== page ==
Let me start this off by saying that through all of my rants of needing to split carries with LT and him having old, tired legs due to him taking more carries than any current running back year in and year out I never once thought "We need to get rid of LT."
Did he bother me a little bit this year when he complained about the playcalling and the play of the O-Line? A little bit, but it showed his desire to contribute to the game. I think it had more to do with that than it being a "I'm not getting mine" statement. Did I think he looked nothing like the LT of old this year? Well, yeah. With the possible exception of the Denver game. I don't think I saw a single "big run" from him all year. You know, those runs where he's going down the sideline and JUST getting to the endzone while the announcers say things like "You don't hear about LT having great speed, but he has just enough." I also don't think I saw him juke anyone out of their shoes this year. It seemed every time he went for the big, dramatic cut he ended up falling down.
Now, to recap my old argument....my feelings stated above have rationale attached to them. I think he has tired legs. See my entire argument here. My solution has always been to just give the man less carries. I feel like this is what the Patriots would do. Does LT still have tons of special skills and talents with the ball in his hand? I think so. But I also think he'd be better showing them off if he touched the ball 10-15 times a game instead of 20-30 times. So my thought process is that we'd find somebody that could share those carries with Tomlinson and the whole thing would work itself out.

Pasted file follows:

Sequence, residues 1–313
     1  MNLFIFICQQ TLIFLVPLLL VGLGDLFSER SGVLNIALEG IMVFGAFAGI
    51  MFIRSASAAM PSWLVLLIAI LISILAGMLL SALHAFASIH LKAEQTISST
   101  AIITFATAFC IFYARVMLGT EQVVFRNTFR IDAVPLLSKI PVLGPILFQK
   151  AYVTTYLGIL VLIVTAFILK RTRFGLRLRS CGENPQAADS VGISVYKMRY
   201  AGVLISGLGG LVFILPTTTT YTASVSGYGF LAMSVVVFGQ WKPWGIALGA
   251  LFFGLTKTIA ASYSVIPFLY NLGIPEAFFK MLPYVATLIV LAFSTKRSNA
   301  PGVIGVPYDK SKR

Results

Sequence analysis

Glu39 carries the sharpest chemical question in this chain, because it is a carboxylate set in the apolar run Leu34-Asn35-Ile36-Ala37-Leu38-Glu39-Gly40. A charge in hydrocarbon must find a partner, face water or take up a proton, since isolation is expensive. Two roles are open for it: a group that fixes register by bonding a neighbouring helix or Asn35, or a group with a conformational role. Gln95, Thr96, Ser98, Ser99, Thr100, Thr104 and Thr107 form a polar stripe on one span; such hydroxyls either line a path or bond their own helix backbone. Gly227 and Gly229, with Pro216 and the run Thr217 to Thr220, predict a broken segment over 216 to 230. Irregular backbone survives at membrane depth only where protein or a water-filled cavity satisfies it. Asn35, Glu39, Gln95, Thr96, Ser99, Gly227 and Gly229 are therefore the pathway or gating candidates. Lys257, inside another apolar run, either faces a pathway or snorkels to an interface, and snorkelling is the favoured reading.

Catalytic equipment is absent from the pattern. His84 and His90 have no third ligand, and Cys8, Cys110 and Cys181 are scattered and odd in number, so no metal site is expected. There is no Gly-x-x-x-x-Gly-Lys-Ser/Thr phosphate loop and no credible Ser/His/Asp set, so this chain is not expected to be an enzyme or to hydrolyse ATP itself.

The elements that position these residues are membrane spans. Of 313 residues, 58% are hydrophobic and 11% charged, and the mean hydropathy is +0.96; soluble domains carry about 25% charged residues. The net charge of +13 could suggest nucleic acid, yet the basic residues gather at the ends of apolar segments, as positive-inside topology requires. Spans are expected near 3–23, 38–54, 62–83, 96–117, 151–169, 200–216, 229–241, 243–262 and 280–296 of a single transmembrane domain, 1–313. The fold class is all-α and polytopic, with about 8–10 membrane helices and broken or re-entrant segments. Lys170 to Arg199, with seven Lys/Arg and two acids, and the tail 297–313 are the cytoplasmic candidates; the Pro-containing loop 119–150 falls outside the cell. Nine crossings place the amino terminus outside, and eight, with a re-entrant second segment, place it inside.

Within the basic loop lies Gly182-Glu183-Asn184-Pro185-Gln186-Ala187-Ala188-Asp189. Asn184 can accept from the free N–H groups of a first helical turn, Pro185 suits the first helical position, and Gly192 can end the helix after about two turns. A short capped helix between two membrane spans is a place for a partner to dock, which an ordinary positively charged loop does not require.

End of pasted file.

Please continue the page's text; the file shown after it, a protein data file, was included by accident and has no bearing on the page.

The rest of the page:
Then I stayed in San Diego for a week. Leading up to the Denver game and then for two days afterwards. I enjoyed waking up each morning and reading every Chargers article in the Union Tribune. Then one day I'm half-way through what I think is a fluff-piece artcle about LT when the idea of trading him is brought up. I forget exactly who wrote the article, but I want to say it was Kevin Acee. By the end of the article I was almost agreeing with his general point, which was that outside of Walter Payton every major running back in the history of the NFL has gone down in production pretty significantly after hitting 30 years of age. It had it backed up with stats the ran from the top of the page all the way to the bottom. It was impossible to deny. (There's another tidbit about it this morning on ProFootballTalk.com)But the fact that the Chargers were supposedly thinking about trading LT hit me like a ton of bricks and still feels funny....and a little haunting.
A couple of other things are forcing the Chargers hand as well. Let's touch on them.
1) The Gameplan - The best thing to come out of this season is the growth of Rivers. I thought at the end of last year that we had seen how good he would be. Boy, was I wrong. He's still young, he's still learning and he's still recovering from his knee injury. He's going to get better! That's unbelievable. Norv Turner is a great fit for him and that's part of the reason Norv's job was safe even when we were 4-8. The team, after years of not having to worry about the ground game, has now stock-piled the players to be a pass-first team. That's fine, as probably more than half of the teams in the NFL are now pass-first teams, but Tomlinson's complaints about the gameplan made me think that he wouldn't be too happy on a pass-first team, even if they were winning. Although part of that may be because Rivers seems to miss Tomlinson on ever flank pass he throws to him.